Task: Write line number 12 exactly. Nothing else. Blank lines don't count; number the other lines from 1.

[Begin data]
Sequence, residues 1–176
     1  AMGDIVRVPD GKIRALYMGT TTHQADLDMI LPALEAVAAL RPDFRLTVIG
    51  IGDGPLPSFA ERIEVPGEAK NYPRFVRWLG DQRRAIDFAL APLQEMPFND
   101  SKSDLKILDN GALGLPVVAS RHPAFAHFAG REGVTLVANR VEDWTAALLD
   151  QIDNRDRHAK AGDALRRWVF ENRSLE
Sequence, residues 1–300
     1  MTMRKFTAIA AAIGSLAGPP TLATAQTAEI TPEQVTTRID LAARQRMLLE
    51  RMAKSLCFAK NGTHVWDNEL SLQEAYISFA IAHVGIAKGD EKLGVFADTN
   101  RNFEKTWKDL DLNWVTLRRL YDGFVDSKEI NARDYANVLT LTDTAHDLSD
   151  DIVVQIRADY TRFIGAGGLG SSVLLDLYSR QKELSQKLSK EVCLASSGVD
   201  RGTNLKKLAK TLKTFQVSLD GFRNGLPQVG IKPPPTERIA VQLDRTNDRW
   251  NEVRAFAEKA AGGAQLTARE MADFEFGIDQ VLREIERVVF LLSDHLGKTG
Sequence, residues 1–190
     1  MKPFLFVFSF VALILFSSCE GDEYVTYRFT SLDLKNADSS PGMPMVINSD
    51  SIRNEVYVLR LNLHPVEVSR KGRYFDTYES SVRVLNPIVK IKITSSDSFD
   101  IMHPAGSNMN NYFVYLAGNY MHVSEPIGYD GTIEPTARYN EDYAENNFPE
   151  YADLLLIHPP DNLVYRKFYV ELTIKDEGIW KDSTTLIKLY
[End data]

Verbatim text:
   251  NEVRAFAEKA AGGAQLTARE MADFEFGIDQ VLREIERVVF LLSDHLGKTG